Researchers' analysis of minorities' racial preferences showed that Asians, African Americans and Latinos are more likely to include whites as possible dates than whites are to include them. This suggests that whites, as the dominant group in the U.S., remain in the privileged position of being able to facilitate or hinder the full incorporation of minorities.
Or maybe I'm a crooked pot without a crooked cover due to my "bossiness." I'm sure that's it.
Also, way to be timely, Yahoo! and UC Irvine. I re-reported this phenomenon two years ago, and Racialicious still reports on interracial relationships regularly. Their Craigslist personals article from two years ago is still my favorite. I also enjoyed the open thread on dating that followed a year and a half later.
Furthermore, the survey should have examined same-sex relationships as well. Way to be heteronormative, sociologists.
Ooh! I liked this post, too, by the Frog Princess. I have been saying the same thing for years, yet it is so hard for my friends to comprehend my outlook and my situation. As the Frog Princess says about the open thread on Racialicious, "The article and the comments really validated what I’d been feeling my whole life but that I’m not allowed to say in public because it makes some people uncomfortable."
Wednesday, June 03, 2009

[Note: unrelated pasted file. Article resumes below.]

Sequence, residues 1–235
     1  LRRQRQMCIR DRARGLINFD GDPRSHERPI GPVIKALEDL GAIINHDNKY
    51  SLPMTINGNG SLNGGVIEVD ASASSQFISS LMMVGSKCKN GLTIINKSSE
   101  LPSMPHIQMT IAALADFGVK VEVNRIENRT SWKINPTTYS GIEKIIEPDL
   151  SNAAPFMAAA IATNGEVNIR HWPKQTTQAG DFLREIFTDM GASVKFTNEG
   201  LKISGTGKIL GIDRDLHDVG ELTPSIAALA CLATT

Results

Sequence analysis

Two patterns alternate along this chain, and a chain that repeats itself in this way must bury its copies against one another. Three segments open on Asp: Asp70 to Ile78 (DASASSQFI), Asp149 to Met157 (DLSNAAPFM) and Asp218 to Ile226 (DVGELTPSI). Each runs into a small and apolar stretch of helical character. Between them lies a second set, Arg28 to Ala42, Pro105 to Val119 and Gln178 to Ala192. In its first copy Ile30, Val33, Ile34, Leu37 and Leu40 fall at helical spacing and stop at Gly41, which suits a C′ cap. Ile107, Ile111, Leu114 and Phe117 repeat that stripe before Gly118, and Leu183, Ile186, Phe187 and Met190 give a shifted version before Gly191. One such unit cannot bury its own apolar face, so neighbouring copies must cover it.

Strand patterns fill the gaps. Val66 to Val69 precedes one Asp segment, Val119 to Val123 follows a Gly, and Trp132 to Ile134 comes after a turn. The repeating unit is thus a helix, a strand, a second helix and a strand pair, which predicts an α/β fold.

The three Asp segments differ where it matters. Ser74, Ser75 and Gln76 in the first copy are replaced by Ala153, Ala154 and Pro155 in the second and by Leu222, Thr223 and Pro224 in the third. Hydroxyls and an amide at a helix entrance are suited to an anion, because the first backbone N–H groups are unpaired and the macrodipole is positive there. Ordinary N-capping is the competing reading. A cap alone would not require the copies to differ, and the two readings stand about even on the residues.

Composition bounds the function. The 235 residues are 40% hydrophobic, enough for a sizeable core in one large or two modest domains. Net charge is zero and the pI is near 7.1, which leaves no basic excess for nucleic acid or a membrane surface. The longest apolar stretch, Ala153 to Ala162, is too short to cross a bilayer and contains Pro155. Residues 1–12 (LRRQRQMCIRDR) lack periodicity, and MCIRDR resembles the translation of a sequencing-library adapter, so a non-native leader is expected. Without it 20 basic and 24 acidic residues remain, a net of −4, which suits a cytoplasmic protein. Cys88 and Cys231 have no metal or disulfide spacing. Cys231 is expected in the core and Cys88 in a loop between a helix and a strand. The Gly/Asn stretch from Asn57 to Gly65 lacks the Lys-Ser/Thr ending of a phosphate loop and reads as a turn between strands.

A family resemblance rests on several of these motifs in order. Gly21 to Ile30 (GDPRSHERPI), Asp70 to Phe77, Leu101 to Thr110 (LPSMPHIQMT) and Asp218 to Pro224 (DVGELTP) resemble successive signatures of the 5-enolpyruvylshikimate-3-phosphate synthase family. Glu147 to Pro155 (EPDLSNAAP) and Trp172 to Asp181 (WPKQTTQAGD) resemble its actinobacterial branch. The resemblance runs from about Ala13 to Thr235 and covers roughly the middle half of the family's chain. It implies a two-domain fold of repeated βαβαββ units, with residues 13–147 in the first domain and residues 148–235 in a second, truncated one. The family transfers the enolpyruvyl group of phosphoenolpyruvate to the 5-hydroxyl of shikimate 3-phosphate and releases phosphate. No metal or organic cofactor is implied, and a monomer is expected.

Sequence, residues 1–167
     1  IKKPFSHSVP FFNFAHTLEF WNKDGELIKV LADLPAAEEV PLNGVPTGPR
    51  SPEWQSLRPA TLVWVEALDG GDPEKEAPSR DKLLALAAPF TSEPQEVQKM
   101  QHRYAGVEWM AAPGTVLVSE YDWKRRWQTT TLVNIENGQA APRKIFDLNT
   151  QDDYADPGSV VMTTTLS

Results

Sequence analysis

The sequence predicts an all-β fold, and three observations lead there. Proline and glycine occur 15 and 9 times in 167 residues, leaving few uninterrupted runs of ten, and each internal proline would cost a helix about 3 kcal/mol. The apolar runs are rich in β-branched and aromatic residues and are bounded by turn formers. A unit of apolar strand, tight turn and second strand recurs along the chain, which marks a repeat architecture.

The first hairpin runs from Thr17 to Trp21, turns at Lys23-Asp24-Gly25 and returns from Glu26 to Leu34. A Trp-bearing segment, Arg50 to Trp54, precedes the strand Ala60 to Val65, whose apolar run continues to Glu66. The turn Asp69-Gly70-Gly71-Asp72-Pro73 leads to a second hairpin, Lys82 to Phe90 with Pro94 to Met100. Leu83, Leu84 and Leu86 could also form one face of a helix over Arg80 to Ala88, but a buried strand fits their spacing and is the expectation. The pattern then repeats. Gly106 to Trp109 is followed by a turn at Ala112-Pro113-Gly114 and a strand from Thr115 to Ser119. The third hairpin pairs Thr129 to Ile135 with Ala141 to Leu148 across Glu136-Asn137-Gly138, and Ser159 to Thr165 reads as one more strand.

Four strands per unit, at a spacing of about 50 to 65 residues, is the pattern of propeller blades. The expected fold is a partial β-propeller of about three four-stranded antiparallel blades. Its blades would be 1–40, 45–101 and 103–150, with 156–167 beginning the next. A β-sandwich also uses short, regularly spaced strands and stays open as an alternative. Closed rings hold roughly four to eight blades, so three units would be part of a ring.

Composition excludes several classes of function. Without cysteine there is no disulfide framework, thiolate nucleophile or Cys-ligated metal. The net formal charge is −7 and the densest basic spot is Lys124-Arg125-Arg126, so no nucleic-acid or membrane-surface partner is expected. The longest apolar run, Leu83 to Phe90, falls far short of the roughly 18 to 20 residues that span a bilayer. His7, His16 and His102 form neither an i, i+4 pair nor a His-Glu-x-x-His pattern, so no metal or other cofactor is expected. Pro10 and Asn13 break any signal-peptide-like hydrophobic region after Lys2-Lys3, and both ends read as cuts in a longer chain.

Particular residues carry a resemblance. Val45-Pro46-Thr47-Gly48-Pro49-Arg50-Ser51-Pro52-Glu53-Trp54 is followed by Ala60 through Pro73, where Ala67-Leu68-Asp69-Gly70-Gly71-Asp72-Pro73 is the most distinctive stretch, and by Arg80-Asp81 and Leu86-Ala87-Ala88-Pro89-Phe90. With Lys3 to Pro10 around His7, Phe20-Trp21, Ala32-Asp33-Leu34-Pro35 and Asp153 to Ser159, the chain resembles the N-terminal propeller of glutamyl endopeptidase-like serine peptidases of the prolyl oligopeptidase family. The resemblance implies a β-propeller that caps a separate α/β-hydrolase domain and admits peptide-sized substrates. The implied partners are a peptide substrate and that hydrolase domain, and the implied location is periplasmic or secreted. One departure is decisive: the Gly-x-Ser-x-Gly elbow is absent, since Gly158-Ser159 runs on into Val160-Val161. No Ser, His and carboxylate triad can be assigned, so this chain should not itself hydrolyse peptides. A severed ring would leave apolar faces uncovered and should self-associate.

|The Colbert Report||Mon - Thurs 11:30pm / 10:30c|
|Supreme Court Press|
"We call it that because it's the opposite of the way you're supposed to be a racist."
Also, no matter what The Today Show (at 4:12) or the Telegraph suggest, Judge Sotomayor's parents did not "immigrate" to New York from Puerto Rico. They moved to New York from Puerto Rico. Like when the Clampetts "loaded up the truck and moved to Beverly. Hills, that is." Or when George and Weezy were "moving on up/To the east side/To a deluxe apartment in the sky." They didn't change countries; they were Americans finding a new, potentially better, place to live.
HuffPost Review: Away We Go, by Marshall Fine. Emphasis mine.
You're a couple in your mid-30s, expecting a baby, suddenly shorn of the anchor tethering you to a hometown you're not that crazy about. Now what?
That's the conundrum confronting Burt (John Krasinski) and Verona (Maya Rudolph) in Sam Mendes' Away We Go, from a script by Dave Eggers and Vendela Vida. Burt and Verona are only a couple months away from parenthood, when Burt's parents (Jeff Daniels and Catherine O'Hara) announce that they're moving to Europe for two years -- before the baby is born.
Since being close to Burt's parents (Verona's are dead) is the only reason they've stayed in Connecticut, Burt and Verona decide to hit the road, visiting friends, siblings and relatives around the country, auditioning potential new places to relocate.
That's what happened in Flashdance, too: ethnically ambiguous characters in movies often get no family because you would have to admit that they aren't white, as I have mentioned before. The most egregious rendering of this in my recollection was on One Tree Hill when Haley's parents, sister, and son all ended up being white people, even though Haley is clearly not a white person.
In conclusion, I will probably see the movie anyway. Also, John Krasinski: what is up with that beard?